Guandique was convicted by having his two mugging victims-- neither of whom was injured or sexually assaulted-- recount their attacks, and graphically project their subjective fears about what might have happened to them, had they not both resisted. The fact that a knife-wielding Guandique simply ran away from each victim, rather than injure or kill either, was the salient, but unmentioned, fact that made an attack on, and the killing of, Levy by Guandique implausible. Criminals seldom deescalate in their level of violence; if Guandique had killed Levy on May 1, 2001, he should not have hesitated to kill the subsequent two victims, on May 14 and July 1, 2001, respectively.

    The jury was also subject to the emotional-- if irrelevant, immaterial and incompetent-- testimony of Dr. Levy, who explained that he would have said anything against Gary Condit during the years that the Levys held him responsible for their daughter's death. The obvious fact that he would do likewise now against Guandique also went unspoken!

    The linchpin in the Guandique trial was the testimony of a single snitch-- although the government claimed that it had several, and promised the jury that it would hear from more than one. That snitch, gangbanging career criminal Armando Morales, is known to have lied on the stand-- claiming that he had refused to see a defense investigator because she had dressed provocatively, in a skimpy tee shirt and shorts, in order to seduce him! Not only did the prison official in charge testify that such dress was not allowed for any visitor, but the investigator herself testified as to what she actually wore that day-- and even held up the pants that she wore for the jury to see! Judges usually instruct a jury that if they find that a witness lied about one thing on the stand, they may reject his testimony altogether. I do not know if that instruction was given in this case. In addition, however, the inmate who had shared a cell with both Guandique and Morales testified that Guandique had made no such confession in his presence.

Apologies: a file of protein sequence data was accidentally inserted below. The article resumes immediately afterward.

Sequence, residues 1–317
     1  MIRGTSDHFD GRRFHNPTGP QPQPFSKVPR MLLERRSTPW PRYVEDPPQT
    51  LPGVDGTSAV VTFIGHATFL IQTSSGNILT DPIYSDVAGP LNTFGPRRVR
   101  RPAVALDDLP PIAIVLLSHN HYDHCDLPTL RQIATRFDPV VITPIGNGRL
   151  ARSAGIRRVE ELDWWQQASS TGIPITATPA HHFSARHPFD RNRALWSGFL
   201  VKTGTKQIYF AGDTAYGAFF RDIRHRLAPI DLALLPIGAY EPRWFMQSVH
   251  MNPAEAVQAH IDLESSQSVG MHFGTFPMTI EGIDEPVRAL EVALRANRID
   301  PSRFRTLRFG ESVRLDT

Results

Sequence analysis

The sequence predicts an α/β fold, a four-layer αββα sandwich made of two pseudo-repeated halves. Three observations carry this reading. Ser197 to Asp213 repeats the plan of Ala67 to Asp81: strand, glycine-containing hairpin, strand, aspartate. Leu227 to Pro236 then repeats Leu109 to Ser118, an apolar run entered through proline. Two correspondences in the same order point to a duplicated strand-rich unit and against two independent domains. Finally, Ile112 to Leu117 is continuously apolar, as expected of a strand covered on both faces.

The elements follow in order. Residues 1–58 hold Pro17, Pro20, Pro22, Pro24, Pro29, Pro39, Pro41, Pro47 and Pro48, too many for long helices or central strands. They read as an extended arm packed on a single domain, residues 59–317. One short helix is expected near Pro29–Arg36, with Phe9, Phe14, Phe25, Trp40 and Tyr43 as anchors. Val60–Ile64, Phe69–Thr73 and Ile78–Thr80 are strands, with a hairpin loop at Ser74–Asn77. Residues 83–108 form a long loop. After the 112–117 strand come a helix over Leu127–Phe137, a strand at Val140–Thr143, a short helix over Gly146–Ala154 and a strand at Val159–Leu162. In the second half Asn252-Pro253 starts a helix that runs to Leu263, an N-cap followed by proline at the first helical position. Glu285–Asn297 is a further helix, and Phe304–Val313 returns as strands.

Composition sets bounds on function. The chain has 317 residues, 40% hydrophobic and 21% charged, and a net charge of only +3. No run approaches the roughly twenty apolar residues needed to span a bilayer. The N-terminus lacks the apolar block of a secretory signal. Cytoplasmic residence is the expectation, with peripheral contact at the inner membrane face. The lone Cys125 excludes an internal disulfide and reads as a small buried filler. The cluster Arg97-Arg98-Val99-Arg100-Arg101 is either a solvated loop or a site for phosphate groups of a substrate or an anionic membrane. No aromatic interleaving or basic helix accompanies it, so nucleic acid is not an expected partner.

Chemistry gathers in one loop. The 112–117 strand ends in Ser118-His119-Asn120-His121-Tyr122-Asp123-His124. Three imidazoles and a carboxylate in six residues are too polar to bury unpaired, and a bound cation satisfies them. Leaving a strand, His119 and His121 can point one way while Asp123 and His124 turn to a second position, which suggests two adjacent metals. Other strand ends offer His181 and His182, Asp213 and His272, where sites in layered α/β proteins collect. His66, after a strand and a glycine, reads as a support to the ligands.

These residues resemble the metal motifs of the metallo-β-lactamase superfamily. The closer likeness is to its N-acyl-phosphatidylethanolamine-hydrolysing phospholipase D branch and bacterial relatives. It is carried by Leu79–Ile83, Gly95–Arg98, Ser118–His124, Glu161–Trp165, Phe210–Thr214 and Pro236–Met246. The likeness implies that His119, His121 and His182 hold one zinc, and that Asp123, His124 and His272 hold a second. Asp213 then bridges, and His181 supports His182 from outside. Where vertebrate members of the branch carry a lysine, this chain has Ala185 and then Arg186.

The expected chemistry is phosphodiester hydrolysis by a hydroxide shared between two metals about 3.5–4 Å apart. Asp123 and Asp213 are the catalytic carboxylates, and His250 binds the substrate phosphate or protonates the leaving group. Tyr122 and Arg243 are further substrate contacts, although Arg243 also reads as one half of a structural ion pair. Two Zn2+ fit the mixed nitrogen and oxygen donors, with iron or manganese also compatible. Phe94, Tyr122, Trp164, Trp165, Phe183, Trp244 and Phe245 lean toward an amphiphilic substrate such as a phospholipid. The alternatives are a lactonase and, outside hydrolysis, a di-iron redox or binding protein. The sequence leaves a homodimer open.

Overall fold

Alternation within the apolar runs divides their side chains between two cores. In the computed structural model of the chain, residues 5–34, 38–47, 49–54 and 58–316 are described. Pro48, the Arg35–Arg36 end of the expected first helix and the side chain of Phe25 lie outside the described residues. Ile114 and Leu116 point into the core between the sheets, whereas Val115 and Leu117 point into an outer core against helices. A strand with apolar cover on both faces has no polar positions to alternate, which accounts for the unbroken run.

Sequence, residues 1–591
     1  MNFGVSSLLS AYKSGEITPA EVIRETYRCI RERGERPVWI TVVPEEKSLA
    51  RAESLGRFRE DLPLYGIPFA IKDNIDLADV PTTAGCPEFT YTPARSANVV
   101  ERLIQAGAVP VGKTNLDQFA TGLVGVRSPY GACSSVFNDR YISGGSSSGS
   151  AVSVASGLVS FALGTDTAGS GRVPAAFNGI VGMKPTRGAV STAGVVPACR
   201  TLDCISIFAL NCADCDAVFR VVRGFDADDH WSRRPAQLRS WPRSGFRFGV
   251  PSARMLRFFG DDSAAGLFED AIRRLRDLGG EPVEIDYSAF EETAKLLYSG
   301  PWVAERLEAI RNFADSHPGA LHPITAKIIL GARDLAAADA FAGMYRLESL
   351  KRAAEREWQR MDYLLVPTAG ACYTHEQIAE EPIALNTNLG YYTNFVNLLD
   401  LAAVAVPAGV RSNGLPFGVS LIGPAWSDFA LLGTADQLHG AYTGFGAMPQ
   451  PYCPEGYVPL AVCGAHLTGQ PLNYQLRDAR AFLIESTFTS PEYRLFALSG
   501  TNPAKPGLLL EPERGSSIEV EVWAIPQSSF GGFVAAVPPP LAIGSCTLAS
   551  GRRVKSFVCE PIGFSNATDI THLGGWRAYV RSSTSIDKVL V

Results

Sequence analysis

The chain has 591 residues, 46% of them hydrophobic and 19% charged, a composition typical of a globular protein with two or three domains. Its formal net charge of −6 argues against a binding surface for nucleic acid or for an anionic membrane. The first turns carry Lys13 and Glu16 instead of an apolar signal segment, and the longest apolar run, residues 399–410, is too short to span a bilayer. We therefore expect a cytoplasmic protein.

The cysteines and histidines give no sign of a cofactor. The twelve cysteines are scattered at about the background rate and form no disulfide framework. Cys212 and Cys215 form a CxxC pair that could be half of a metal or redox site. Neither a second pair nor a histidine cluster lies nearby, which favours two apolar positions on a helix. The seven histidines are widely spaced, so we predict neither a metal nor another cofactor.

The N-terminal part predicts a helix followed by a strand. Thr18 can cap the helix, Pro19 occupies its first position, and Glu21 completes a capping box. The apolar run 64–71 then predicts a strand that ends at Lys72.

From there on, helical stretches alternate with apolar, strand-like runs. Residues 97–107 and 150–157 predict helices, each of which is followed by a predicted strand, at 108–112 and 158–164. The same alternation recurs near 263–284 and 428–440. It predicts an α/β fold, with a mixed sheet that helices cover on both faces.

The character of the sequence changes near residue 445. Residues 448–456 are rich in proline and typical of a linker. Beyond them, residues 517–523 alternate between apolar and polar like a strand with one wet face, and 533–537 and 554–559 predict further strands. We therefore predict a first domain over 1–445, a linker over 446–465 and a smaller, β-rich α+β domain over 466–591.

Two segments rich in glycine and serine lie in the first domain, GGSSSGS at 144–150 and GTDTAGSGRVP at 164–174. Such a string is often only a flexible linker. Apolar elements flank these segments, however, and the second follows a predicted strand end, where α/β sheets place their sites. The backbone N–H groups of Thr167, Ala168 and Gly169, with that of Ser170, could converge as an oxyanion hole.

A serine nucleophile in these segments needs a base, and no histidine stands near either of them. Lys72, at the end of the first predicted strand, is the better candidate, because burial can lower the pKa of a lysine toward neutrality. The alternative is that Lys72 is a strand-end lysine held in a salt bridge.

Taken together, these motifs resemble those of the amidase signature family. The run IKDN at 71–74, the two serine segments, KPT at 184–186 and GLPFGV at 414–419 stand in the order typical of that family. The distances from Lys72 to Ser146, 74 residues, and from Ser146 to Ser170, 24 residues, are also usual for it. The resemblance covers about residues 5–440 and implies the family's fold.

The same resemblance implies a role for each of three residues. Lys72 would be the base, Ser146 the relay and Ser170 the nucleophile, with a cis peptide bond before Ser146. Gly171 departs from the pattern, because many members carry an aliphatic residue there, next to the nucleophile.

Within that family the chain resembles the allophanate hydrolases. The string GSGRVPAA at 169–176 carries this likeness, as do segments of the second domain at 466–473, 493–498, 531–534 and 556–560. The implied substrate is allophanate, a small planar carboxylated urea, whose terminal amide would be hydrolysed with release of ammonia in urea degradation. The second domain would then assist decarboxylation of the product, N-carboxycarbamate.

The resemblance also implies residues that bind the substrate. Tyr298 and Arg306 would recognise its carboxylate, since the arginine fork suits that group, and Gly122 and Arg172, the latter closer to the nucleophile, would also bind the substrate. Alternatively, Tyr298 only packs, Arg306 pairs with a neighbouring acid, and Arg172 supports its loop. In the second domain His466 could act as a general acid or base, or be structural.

The conviction of Ingmar Guandique was based on irrelevant emotionalism and on the claims of a jailhouse snitch-- who claimed that Guandique made the "confession" in 2006, five years after the disappearance of Chandra Levy, but who did not come forward until after he saw on CNN that his former cellmate had been charged, in 2009! The conviction was gained despite the fact that there was no physical evidence tying Guandique to the crime scene-- while there was DNA from an unidentified male found on Levy's clothes!-- and despite the fact that there was no eyewitness testimony placing either Guandique or Levy in the park that day, let alone there together. It is the greatest single miscarriage of justice that I can recall in this country in many years.

    As for the claim here that Amy Keller of "Roll Call" was the first to raise Guandique as a potential suspect, due to her own gumshoeing, that is patent nonsense: Guandique had been accused in the late summer of 2001 of killing Chandra Levy, on behalf of Rep. Gary Condit, as detailed above, and that ludicrous story of his alleged "confession" in the D.C. lock-up was duly reported at that time.